News Crime

Head of CeaseFire Illinois charged with domestic battery

Tio Hardiman, director of the anti-violence group CeaseFire Illinois, was arrested Friday morning on a misdemeanor domestic battery charge at his home in west suburban Hillside.

The arrest clouds the future of Hardiman's leadership at the organization, where he pioneered the role of "violence interrupters," ex-convicts who mediate gang conflicts and prevent gun violence in some of Chicago's most crime-plagued neighborhoods.

Hardiman's arrest also complicates an already shaky existence for CeaseFire. While the group primarily operates through state funding, the city will decide this summer whether it wants to renew a contract with the group to help Chicago police tamp down violent crime in two communities.

The University of Illinois at Chicago, which oversees the group, placed Hardiman on administrative leave with pay pending the outcome of the investigation, said Josh Gryniewicz, a spokesman for the group CureViolence, a CeaseFire partner. In the meantime, former interrupter Jalon Arthur will serve as CeaseFire's director, Gryniewicz said.

In a statement, CeaseFire's founder, Dr. Gary Slutkin, discussed the seriousness of the allegations against Hardiman, saying, "As a matter of established policy, CeaseFire and the University of Illinois have zero tolerance for anyone with domestic-related charges, or crimes against women or children, currently or in their background."

Hardiman's wife came to the Hillside police station about 8 a.m. Friday with "signs of injury" and filed a formal complaint against him, according to police Chief Joseph Lukaszek. Hardiman, 50, was taken into custody an hour later.

Lukaszek provided no details about the alleged incident but said it happened late Thursday or early Friday.

Hardiman remained in custody Friday and is scheduled to appear at a bond hearing Saturday, the police chief said.

Efforts to reach Hardiman's wife were unsuccessful.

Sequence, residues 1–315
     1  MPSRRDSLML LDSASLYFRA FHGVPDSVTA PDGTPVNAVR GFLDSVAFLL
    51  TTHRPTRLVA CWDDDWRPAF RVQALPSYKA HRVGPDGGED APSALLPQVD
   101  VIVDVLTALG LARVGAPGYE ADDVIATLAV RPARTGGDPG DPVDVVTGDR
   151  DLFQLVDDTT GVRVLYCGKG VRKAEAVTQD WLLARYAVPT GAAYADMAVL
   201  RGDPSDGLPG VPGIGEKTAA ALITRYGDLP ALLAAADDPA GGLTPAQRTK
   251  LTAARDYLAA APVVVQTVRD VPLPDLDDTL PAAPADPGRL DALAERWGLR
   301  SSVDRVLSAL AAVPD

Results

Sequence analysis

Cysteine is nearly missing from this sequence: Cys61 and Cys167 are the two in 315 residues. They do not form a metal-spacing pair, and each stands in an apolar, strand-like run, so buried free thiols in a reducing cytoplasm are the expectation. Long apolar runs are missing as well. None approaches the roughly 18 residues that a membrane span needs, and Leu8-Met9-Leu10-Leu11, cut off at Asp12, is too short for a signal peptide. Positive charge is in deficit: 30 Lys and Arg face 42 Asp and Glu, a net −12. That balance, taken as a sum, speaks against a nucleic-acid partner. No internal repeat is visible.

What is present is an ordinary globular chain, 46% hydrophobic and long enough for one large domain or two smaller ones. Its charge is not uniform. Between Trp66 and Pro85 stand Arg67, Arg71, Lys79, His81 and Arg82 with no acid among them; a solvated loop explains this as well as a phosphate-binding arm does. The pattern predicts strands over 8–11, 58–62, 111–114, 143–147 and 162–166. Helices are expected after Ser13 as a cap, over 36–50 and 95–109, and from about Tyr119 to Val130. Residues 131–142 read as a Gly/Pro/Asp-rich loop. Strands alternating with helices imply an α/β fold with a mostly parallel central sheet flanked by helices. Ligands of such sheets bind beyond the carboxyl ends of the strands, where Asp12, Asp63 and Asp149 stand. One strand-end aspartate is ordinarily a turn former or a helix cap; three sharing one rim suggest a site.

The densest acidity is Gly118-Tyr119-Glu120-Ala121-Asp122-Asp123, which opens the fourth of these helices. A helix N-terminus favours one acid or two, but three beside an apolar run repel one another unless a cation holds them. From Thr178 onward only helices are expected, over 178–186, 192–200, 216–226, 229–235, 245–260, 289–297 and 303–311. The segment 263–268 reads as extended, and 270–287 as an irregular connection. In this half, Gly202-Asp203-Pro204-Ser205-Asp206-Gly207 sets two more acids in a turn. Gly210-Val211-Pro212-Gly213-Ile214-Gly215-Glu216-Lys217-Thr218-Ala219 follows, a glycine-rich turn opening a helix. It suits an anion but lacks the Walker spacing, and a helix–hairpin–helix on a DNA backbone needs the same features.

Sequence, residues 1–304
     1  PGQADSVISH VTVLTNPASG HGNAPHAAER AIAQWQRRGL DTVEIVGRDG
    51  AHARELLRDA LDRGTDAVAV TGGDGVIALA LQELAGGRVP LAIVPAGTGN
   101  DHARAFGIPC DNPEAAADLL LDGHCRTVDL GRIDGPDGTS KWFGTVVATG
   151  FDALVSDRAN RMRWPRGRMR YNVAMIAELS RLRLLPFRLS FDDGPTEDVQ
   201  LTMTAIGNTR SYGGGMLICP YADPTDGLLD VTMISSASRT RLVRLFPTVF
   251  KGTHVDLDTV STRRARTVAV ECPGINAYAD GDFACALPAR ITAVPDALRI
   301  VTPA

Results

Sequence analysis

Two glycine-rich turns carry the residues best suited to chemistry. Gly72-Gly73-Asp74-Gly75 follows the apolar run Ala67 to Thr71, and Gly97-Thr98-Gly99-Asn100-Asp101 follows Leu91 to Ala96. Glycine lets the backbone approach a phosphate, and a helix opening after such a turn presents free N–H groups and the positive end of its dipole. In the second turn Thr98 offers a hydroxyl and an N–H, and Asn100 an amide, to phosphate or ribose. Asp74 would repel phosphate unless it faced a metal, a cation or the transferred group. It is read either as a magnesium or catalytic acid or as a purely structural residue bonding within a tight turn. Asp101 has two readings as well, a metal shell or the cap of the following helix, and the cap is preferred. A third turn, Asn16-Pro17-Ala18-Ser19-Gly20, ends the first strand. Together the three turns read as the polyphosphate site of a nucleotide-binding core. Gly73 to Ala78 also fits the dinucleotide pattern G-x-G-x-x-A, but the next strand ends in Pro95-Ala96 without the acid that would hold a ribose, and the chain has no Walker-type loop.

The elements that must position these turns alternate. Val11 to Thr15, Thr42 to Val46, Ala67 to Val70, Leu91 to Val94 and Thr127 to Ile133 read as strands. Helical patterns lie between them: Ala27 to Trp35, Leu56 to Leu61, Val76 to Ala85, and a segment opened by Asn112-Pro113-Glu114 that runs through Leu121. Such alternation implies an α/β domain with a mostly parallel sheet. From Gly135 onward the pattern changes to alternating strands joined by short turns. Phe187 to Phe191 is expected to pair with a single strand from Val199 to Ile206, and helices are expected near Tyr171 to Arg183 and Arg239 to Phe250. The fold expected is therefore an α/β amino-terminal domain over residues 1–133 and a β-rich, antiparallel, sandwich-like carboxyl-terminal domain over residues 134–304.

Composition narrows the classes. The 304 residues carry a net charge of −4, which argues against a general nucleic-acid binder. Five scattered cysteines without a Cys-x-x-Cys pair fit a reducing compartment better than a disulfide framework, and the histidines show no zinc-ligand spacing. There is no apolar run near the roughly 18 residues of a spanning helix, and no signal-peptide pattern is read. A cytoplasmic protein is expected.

CeaseFire was started in 2000 by the Chicago Project for Violence Prevention at UIC. Its national profile was elevated in 2011 with the release of the documentary "The Interrupters," which won several awards and featured Hardiman and other CeaseFire workers.

In August, CeaseFire agreed to its first contract with the city, a $1 million grant that was forged as Mayor Rahm Emanuel and police Superintendent Garry McCarthy looked for solutions to Chicago's runaway violence. The one-year contract came at a time when the city saw more than 500 homicides for the second time in a decade.

Under the contract, 24 interrupters and outreach workers were hired in two communities hit especially hard by violence: Woodlawn on the South Side and North Lawndale on the West Side. The contract is administered by the city's Department of Public Health, a nod to the group's philosophical underpinning that violence is a public health epidemic. A spokesman said the department was aware of the arrest and was awaiting further details to determine what effect, if any, it has on the city contract.

Cook County court records show that Hardiman has a 1999 conviction for misdemeanor domestic battery, a case in which an emergency order of protection was also issued against him. Details of the case were not available Friday.

Over the years, Chicago police have been wary of CeaseFire. McCarthy has even shown disdain for the group, saying it doesn't want to work with police and dissuades gang members from cooperating with law enforcement.

The anti-violence group agreed to the city contract after police consented not to use CeaseFire workers as informants for criminal investigations. CeaseFire has always maintained it would lose credibility if workers cooperated with authorities.

"Our guys have a job to do. We're getting paid, and Mayor Rahm Emanuel put CeaseFire on a mission over there in them two beats in Woodlawn," Hardiman told the Tribune last week. "And we're fulfilling a mission so far."

Jeremy Gorner is a Tribune reporter; Joseph Ruzich is a freelance reporter.

Copyright © 2015, RedEye
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